College Admission Test Scores Drop to Lowest Level in 30 Years, Media Rushes to Blame COVID

AP Photo/Mary Altaffer, File

Let's kick this one off with a fact, a narrative, and a few realities.

FACT: High school students' scores on the ACT college admissions test have dropped to their lowest level in more than three decades, revealing a shocking lack of student preparedness for college-level coursework, according to the nonprofit organization that administers the test.

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NARRATIVE: Many in the so-called "mainstream" media rushed to blame the decline in ACT scores on... wait for it... the COVID-19 pandemic.

REALITY: Given the hellbent drive in public school systems across America to lower educational expectations of students, with STEM — science, technology, engineering, and math — minimum graduation requirements being lowered, or eliminated entirely, is it any wonder? 

You know — that whole insane "equity" thing, or as I prefer to call it, the soft bigotry of low expectations.

Yet, even the ACT (American College Testing) website puts heavy emphasis on the pandemic as the main culprit behind the steady decline in student college admission test scores.

U.S. High School Class of 2022 Graduating Class Data

Context matters for the graduating class of 2022. This cohort endured the effects of a global pandemic spanning across the three years of their education: sophomore, junior, and senior years

ACT puts forth this data, in addition to our extensive COVID-19 related research, to ensure that school systems and states can make informed decisions that will improve outcomes for their students and families. 

ACT uses a holistic view and our consistent and reliable historical information to provide greater context and visibility as educators make critical decisions for future cohorts of students.

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While from a "We told you so!" perspective, I'd be happy to blame COVID lockdowns for declining test scores, but to ignore the inexcusable efforts of teachers unions would be disingenuous at best. 

Here are a few highlights from the ACT data:

  • Approximately 1.3 million students in the U.S. high school graduating class of 2022 took the ACT test, an estimated 36 percent of graduates nationwide.
  • The national average Composite score for the graduating class of 2022 is 19.8, down from 20.3 for the graduating class of 2021, the lowest average score since 1991.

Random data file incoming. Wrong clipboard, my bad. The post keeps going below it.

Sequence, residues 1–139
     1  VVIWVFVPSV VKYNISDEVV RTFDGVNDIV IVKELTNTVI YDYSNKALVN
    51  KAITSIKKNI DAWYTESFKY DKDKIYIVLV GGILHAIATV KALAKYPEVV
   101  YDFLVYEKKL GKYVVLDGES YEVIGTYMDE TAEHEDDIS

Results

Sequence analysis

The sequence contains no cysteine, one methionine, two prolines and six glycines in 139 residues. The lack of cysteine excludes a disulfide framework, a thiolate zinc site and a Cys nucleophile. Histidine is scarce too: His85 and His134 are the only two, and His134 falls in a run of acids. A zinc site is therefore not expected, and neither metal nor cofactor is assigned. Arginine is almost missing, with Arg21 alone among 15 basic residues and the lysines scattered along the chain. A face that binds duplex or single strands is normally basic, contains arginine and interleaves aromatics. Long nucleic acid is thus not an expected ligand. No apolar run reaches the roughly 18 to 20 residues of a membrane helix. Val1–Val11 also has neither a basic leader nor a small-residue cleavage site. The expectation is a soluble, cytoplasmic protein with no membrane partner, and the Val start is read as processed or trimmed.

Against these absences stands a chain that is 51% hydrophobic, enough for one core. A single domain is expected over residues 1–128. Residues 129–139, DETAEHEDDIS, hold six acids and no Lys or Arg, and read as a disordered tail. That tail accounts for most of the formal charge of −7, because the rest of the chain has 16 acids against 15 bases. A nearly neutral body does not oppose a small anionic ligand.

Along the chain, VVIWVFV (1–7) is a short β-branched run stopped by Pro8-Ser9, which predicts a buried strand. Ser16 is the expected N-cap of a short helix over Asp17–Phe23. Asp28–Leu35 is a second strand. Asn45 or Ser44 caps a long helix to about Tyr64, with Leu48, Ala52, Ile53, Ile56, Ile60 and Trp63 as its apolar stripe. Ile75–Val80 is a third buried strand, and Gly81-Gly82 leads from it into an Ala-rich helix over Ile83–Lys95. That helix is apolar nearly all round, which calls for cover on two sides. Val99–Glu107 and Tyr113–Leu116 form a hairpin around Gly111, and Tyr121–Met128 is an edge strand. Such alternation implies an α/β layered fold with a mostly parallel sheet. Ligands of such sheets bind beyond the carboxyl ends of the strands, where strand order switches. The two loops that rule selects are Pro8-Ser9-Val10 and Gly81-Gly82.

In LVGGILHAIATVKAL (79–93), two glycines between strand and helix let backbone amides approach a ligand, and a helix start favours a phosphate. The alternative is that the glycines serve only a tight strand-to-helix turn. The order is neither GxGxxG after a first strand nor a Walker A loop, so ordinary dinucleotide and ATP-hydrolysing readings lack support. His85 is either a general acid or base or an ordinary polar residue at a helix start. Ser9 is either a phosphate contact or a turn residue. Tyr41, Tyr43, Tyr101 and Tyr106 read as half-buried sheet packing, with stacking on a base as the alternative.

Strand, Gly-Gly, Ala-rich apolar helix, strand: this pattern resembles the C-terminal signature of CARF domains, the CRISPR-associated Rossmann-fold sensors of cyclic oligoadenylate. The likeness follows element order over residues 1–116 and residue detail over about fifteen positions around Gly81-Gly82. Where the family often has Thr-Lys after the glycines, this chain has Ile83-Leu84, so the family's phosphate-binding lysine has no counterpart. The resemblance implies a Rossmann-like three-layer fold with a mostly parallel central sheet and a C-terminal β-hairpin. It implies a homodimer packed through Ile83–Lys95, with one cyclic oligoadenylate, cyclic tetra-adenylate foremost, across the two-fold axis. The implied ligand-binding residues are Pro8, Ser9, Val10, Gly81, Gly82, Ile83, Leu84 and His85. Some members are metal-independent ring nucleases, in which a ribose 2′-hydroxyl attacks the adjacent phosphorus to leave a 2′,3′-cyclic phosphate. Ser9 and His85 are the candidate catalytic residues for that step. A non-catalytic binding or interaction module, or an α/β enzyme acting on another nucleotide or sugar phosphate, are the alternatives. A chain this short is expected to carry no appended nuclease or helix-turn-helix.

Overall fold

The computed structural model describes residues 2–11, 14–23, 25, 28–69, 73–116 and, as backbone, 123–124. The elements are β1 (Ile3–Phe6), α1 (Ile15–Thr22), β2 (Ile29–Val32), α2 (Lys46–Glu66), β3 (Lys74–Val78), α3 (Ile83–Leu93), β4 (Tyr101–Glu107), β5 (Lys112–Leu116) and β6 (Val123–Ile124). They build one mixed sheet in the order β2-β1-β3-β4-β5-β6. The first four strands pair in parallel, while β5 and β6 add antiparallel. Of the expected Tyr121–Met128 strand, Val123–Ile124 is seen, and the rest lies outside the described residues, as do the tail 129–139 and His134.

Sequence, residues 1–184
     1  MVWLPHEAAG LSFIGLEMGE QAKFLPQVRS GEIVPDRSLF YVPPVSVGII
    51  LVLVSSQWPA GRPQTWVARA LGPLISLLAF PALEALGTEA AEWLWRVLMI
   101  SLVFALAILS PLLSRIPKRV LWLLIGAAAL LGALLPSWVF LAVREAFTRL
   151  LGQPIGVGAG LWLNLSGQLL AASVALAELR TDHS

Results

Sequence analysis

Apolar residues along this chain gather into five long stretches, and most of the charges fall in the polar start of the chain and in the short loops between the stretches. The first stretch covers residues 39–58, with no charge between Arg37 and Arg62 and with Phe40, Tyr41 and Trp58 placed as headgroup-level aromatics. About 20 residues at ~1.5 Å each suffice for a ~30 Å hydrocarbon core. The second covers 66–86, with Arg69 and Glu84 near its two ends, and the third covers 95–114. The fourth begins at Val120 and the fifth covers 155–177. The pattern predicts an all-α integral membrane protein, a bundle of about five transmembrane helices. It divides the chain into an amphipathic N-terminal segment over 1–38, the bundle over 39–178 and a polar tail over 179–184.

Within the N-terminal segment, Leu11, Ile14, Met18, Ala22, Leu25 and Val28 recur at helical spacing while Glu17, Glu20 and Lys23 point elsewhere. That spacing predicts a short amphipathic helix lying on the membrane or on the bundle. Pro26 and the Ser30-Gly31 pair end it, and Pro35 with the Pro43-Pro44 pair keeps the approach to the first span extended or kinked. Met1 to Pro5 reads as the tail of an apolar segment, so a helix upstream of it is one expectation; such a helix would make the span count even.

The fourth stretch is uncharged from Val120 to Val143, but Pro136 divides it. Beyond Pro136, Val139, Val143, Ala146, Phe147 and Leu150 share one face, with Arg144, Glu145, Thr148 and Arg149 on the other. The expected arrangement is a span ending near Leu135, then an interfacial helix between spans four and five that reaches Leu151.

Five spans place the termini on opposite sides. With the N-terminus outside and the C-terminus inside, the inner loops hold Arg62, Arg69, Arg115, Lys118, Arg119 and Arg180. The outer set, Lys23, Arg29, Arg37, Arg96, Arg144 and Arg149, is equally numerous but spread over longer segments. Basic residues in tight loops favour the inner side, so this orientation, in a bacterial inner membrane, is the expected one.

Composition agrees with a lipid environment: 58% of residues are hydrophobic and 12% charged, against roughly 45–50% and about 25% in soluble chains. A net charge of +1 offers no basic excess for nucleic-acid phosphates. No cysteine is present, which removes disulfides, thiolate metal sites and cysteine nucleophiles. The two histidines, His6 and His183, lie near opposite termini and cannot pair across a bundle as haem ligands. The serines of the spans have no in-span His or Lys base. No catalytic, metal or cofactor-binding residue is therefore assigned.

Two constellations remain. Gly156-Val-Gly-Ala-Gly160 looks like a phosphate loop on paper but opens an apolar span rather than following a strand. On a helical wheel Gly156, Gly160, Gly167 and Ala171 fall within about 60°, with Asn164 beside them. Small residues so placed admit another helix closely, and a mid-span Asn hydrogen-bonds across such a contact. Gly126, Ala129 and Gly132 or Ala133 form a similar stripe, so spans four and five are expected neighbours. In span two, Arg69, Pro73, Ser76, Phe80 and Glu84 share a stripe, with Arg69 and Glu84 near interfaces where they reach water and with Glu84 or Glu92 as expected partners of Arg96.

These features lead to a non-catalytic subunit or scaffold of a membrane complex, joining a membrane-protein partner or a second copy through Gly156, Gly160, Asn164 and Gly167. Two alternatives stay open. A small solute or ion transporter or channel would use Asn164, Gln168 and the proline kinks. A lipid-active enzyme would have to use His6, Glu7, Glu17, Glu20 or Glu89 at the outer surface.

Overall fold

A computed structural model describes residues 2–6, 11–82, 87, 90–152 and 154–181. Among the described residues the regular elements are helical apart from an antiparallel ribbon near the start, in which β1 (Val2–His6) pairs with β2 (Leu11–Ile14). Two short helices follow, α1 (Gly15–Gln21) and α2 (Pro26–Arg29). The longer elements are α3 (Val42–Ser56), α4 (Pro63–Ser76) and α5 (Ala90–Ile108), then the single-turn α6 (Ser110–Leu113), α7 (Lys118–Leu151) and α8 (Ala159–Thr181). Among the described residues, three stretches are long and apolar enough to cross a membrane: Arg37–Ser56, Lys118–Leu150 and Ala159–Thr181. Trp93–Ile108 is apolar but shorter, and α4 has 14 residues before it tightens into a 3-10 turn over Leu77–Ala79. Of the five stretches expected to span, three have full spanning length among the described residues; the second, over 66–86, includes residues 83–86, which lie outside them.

• Thirty-five percent of the ACT-tested graduating class took the ACT more than once, as compared to 32% for the 2021 cohort.
  • Thirty-two percent of ACT-tested graduates in the class of 2022 met at least three out of four ACT College Readiness Benchmarks (English, reading, math, and science), while, 42% of students met none of the ACT College Readiness Benchmarks and 22% met all four ACT College Readiness Benchmarks.

While ACT CEO Janet Godwin said in a press release that the decline can’t be blamed exclusively on learning disruptions from online learning and missed classes when schools were locked down during the pandemic, she also claimed that “longtime systemic failures” were “exacerbated by the pandemic.”

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COVID aside, Godwin put the decline into proper perspective:

Then as we see rapidly growing numbers of seniors leaving high school without meeting the college-readiness benchmark in any of the subjects we measure.

Here's a novel idea: Rather than fixing blame, fix America's public education system.

The Bottom Line

One can only surmise — this one, anyway — that as the left continues to rally under the "equity" banner, not only will college admission scores continue to decline (assuming the tests aren't eliminated altogether) but I'll also go out on a safe limb and predict that higher education in America will fall even further behind that of China, our number-one competitor on the world stage.

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